What Can Christians Learn from Naomi?
Although it appears that Naomi is sulking throughout the narrative, if we’re patient and pick through contextual clues, we can see that she actually has a sweet and caring spirit. Christians can learn a lot from Naomi about perseverance, especially while navigating difficult circumstances.
1. God Continues to Move During Hardships
We can often feel abandoned by God when tragedy strikes. Naomi by no means had an easy go of things. In a foreign land she loses her husband and her two sons, and returns back to her hometown with no prospects and with very little means to survive.
As she faithfully journeys forth, God still continues to work—and he does in our lives, too, when we face our most difficult seasons. By Naomi opening her heart and life to Ruth, welcoming her to come along to Bethlehem and work in the fields, Ruth met Boaz. And this blessing redeemed both her and her mother-in-law Naomi. In the end, Naomi gains a son, and through her line, the Savior of the world redeems mankind.
2. We Can Help Others in Our Difficult Moments
At first glance, we may think that Naomi does absolutely nothing in the story. She gets sad that her family passes away and then Ruth works in the fields to provide for both of them.
We have to keep in mind Naomi wasn’t young and probably couldn’t pull her weight in the field. Furthermore, grief had paralyzed her.
Nevertheless, as soon as she catches wind of Boaz, she praises the Lord and walks Ruth through the Israelite customs of proposals to kinsman redeemers. She explicitly says she wants Ruth to have a good home and husband. Even before the two of them come to Bethlehem, she tries to send her daughters-in-law away from her to find new husbands. After all, she doesn’t want them tied down to having to help an old woman.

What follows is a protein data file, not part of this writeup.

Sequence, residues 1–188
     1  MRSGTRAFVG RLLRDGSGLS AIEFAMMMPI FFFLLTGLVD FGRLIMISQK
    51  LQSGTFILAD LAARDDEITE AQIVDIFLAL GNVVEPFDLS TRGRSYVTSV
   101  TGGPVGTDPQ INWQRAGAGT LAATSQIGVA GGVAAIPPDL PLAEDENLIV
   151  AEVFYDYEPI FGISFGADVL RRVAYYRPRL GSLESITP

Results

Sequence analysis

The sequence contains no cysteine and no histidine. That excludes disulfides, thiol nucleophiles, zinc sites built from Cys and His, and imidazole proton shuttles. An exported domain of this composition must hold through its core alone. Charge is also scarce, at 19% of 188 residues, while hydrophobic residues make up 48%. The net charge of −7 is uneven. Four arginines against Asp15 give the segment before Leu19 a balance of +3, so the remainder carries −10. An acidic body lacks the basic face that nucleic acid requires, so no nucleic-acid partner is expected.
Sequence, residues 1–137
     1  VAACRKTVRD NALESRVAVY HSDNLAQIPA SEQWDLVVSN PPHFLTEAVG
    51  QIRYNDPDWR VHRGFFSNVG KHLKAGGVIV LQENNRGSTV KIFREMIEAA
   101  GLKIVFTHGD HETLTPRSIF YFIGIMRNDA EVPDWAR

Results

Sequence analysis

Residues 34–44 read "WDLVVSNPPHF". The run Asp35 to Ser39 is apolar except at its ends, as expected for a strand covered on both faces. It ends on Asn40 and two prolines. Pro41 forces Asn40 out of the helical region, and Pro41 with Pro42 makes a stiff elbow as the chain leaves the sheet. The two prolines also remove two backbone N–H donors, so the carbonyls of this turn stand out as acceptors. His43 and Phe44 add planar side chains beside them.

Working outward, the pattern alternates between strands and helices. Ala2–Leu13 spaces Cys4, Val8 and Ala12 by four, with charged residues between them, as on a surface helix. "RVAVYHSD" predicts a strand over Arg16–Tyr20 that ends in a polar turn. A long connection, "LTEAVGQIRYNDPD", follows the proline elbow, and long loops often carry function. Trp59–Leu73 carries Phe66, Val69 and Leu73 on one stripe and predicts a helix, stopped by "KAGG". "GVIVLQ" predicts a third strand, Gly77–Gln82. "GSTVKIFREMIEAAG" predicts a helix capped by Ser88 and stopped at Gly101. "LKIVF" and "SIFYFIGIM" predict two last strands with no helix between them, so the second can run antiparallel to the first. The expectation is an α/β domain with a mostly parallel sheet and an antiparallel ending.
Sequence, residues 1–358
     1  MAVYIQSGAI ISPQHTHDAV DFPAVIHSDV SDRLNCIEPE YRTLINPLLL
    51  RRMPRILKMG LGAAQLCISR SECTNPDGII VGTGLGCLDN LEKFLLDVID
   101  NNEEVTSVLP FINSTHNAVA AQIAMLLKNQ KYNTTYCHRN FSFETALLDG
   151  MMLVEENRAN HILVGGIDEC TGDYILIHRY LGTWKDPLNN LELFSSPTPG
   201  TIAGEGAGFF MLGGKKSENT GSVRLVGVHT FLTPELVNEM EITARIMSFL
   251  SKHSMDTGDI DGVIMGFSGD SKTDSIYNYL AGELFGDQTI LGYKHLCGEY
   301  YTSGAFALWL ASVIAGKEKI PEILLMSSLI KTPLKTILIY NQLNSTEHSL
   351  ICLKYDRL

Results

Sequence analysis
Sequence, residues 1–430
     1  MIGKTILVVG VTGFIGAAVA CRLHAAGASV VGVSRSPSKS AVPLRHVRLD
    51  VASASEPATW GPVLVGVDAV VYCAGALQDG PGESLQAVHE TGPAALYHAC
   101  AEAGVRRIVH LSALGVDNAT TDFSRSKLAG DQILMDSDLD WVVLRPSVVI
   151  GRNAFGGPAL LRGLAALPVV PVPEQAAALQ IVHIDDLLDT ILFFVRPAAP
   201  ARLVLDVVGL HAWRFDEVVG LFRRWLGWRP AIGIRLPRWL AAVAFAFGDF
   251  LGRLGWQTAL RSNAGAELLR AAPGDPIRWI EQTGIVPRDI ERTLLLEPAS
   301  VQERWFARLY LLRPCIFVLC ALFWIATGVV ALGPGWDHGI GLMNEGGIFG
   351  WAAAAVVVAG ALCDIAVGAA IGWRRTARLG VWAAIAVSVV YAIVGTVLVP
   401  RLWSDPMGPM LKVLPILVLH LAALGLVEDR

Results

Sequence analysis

Throughout the narrative, we actually see Naomi looking out for Ruth, even while in the midst of paralyzing grief.
3. God Redeems the Lost
Naomi thought her family line had ended, but God continues it through a kinsman-redeemer. She gains a son and so much more at the end of Ruth.
We see other examples throughout the Bible of people who think they will have no offspring. Abraham and Sarah didn’t have their first child until they were 100 and 90-something respectively (Genesis 21).
Even when we’ve reached a dead-end and can’t see how anything good can come out of our circumstances, Naomi’s story reminds us that God is working out redemption and restoration always.
Although Naomi wasn’t perfect, her character is very different than what we hear about in church. In the midst of her crippling grief, she continues to look out for her daughter-in-law, despite tensions Israel would have experienced with Moab at the time.
Once she senses God moving through Boaz, she rejoices. Naomi helps pave a way for Ruth to be redeemed, and in the process, allows God to redeem her family line.
Photo Credit: ©GettyImages/Sam Edwards
Hope Bolinger is a literary agent at C.Y.L.E. and a graduate of Taylor University's professional writing program. More than 500 of her works have been featured in various publications ranging from Writer's Digest to Keys for Kids. She has worked for various publishing companies, magazines, newspapers, and literary agencies and has edited the work of authors such as Jerry B. Jenkins and Michelle Medlock Adams. Her column "Hope's Hacks," tips and tricks to avoid writer's block, reaches 6,000+ readers weekly and is featured monthly on Cyle Young's blog. Her modern-day Daniel, Blaze, (Illuminate YA) released in June, and they contracted the sequel Den for July 2020. Find out more about her here.